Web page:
Employers in California Caught between State and Federal Immigration Laws

The stakes for the employers in the state of California were raised with rumors spreading about more raids in the places of work this month. State officials have issued threats of up to $10,000 in fines to employers who give employee information voluntarily to immigration authorities from the federal government. The Attorney General of California Xavier Becerra issued a warning this month to employers that they would face prosecution for the violations of the new state legislation that was designed to protect workers. Becerra noted that given the rumor mills that are out in the public domain, it is critical for employers to note that they will be subject to actions by the office of the Attorney General.

Violations include giving information voluntarily about their employees or giving exclusive access to employee’s information to third parties in a way that contradicts the new law in California. Becerra said that his office would prosecute anyone who acts in violation of the legislation. The law which is popularly known as the Assembly bill 450 which came to effect on January 1, 2018, prohibits both private and public employers from giving information about their employers to federal immigration officials without a warrant from the judiciary. The law also stipulates that employers in California are not at liberty to provide federal immigration agents with voluntary consent to obtain, review or even access records about employees without having obtained a court order or a subpoena unless otherwise needed by federal law.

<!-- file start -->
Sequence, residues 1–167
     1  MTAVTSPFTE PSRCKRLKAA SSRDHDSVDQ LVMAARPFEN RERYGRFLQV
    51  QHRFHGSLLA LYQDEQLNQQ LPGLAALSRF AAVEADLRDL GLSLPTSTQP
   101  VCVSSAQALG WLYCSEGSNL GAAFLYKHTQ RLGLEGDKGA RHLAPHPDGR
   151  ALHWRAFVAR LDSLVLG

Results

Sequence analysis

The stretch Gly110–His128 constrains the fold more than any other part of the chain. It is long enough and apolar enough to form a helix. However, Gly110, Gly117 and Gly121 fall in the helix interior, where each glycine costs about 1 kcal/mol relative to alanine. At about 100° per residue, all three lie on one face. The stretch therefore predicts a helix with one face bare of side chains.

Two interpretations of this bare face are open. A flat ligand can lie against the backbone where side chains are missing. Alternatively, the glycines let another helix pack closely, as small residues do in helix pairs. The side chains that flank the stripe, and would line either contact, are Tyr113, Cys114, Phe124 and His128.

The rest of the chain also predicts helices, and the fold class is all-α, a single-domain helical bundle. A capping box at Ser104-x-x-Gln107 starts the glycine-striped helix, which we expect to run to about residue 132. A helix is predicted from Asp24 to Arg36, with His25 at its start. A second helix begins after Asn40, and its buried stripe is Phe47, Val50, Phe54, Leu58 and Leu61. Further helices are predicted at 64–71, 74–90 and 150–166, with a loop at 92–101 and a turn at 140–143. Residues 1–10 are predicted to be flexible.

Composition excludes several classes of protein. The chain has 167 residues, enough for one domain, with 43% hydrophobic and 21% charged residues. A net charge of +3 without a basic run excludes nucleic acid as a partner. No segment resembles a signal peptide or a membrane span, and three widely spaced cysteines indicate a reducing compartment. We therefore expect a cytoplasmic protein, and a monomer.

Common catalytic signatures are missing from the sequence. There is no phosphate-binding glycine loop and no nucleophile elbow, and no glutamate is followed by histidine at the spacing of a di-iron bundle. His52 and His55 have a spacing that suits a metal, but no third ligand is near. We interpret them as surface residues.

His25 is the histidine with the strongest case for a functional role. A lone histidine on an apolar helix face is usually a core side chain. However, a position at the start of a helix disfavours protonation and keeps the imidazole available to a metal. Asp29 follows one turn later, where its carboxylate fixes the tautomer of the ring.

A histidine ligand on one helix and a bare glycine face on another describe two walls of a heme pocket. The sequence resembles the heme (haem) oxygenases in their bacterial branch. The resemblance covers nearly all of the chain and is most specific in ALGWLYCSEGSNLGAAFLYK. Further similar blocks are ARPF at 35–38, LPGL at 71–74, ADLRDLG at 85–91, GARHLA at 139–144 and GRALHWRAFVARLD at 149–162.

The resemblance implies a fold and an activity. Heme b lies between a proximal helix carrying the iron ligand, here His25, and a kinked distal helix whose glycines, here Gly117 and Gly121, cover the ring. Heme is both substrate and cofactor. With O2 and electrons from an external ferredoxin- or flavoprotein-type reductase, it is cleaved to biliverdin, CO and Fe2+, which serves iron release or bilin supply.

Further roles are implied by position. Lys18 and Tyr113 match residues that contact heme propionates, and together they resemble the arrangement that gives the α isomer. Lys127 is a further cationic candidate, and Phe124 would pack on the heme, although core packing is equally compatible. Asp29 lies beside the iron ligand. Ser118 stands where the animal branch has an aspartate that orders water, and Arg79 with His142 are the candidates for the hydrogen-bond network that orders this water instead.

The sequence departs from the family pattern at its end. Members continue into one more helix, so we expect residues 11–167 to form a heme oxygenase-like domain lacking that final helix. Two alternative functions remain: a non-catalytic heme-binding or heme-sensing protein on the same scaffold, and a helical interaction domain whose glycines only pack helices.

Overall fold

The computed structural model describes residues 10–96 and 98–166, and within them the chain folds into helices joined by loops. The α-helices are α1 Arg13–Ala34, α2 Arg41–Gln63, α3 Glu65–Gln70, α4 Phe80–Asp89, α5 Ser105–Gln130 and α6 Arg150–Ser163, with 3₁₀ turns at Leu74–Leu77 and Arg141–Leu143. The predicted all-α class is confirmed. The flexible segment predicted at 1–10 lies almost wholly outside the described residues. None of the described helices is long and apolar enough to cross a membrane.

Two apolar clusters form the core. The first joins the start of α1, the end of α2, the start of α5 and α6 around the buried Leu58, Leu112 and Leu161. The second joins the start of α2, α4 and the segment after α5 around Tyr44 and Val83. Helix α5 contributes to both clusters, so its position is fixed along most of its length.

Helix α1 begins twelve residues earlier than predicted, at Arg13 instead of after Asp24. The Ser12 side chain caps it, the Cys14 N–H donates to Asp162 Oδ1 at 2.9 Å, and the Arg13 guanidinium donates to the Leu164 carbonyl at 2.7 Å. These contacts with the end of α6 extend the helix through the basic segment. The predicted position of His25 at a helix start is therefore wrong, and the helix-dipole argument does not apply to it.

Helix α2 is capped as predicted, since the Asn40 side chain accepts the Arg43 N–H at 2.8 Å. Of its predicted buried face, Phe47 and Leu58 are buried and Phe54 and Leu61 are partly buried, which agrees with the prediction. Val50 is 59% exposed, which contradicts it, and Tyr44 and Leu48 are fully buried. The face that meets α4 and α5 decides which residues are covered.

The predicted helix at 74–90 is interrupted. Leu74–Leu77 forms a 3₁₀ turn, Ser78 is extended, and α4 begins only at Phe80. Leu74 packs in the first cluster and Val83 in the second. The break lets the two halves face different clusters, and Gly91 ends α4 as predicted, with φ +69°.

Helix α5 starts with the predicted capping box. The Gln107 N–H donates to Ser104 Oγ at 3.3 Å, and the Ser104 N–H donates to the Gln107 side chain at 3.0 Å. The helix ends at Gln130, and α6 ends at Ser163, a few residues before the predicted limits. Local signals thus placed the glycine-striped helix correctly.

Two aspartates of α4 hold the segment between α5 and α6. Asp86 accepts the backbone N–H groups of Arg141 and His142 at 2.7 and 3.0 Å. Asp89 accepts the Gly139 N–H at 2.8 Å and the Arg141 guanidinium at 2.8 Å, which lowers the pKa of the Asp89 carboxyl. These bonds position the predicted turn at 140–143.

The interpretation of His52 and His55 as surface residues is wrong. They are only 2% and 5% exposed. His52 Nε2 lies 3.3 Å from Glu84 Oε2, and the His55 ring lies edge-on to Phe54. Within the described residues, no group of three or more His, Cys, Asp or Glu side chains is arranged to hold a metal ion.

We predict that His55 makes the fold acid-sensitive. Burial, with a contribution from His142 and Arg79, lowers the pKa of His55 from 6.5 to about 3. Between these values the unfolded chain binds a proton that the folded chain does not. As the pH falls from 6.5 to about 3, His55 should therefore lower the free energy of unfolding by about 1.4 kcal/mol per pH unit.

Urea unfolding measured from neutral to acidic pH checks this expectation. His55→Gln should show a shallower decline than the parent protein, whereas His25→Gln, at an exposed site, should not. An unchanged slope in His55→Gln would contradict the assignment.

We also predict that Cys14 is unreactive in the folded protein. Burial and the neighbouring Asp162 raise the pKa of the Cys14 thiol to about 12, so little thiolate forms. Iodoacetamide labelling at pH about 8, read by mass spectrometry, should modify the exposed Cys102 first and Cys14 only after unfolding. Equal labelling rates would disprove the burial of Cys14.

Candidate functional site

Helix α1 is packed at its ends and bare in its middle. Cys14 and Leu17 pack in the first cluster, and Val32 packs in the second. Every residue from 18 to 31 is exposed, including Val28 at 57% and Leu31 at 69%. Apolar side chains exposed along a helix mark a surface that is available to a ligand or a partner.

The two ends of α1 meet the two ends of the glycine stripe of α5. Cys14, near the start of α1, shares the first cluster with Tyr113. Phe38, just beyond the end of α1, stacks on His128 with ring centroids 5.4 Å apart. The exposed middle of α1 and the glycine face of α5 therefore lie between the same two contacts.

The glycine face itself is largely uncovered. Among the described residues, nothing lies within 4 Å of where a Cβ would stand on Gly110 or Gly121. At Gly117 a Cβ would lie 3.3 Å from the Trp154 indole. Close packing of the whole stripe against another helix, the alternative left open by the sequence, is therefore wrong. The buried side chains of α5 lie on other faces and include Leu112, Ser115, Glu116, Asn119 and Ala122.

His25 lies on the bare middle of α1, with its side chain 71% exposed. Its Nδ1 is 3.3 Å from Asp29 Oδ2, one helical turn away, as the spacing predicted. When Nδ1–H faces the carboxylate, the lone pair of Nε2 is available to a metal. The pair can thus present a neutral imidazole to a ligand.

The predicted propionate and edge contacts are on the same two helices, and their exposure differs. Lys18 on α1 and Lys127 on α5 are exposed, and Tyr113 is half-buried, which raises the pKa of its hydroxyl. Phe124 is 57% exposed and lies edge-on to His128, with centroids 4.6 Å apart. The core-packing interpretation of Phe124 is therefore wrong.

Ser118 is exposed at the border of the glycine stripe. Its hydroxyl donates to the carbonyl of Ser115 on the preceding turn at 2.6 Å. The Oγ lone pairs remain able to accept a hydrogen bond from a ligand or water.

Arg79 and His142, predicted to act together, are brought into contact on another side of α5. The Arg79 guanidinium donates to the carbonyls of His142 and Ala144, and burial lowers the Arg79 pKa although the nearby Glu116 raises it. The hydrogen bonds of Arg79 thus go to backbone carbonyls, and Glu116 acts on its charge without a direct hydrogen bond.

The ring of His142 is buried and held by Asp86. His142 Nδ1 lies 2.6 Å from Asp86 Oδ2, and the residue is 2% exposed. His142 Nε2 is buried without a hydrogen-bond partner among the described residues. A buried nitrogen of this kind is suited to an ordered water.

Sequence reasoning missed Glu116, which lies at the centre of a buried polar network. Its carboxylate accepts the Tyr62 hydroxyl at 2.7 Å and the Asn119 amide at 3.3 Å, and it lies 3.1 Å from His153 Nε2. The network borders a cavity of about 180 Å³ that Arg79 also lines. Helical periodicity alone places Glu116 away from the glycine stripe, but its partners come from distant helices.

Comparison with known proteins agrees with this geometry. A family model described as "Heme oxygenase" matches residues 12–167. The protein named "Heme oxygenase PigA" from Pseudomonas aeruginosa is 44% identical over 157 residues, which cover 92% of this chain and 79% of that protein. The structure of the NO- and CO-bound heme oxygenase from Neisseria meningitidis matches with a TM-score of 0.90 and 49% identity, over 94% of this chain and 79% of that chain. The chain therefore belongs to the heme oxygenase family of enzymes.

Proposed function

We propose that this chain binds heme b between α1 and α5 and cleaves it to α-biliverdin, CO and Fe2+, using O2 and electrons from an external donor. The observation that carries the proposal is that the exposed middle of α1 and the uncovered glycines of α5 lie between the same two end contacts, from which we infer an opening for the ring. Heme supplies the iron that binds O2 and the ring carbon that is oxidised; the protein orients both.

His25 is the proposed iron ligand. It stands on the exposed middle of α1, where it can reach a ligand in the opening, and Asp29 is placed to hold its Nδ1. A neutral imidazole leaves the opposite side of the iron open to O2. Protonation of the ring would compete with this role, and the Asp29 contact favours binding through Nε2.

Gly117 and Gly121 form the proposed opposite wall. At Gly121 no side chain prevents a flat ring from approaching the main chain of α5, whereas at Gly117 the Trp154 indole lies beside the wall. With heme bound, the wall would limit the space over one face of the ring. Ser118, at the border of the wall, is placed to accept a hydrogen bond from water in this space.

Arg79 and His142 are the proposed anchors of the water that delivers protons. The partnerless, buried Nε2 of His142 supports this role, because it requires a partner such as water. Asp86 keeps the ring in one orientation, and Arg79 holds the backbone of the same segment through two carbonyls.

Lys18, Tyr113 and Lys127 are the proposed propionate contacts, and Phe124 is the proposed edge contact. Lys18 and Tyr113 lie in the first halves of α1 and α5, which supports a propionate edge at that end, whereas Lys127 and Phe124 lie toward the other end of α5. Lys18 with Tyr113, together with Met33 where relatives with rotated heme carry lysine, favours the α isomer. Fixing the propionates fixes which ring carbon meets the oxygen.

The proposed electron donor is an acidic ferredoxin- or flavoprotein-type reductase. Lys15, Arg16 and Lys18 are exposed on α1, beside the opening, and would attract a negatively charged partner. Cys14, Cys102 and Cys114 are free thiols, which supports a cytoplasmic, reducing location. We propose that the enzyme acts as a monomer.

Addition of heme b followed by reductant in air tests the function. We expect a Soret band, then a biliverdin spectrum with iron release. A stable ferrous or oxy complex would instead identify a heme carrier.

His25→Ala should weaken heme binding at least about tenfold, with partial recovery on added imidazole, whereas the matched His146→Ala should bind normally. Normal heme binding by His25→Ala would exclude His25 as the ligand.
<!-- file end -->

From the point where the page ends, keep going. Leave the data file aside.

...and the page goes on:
For the first violation, fines range between $2,000 and $5,000 and $5,000 to $10,000 for more than one violation of the law. The bill stipulates that by July 1, a template will have been developed to give a notification to all workers of a scheduled I-9 audit within three days of receiving a notice of inspection from federal authorities. The legislation also gives a prohibition to the employers in California from the employment re-verification of an already existing employee unless otherwise specified by stipulations of the federal law.

The vice president of public affairs for the California Restaurant Association, Sharokina Shams said that employers had been put in a tight spot by the legislation particularly the small to medium size enterprises. She said that SMEs might not have the funds to hire lawyers or professionals in their respective human resource departments. The statements by the Attorney General are directly meant to show support for the millions of immigrants who work and live in California.


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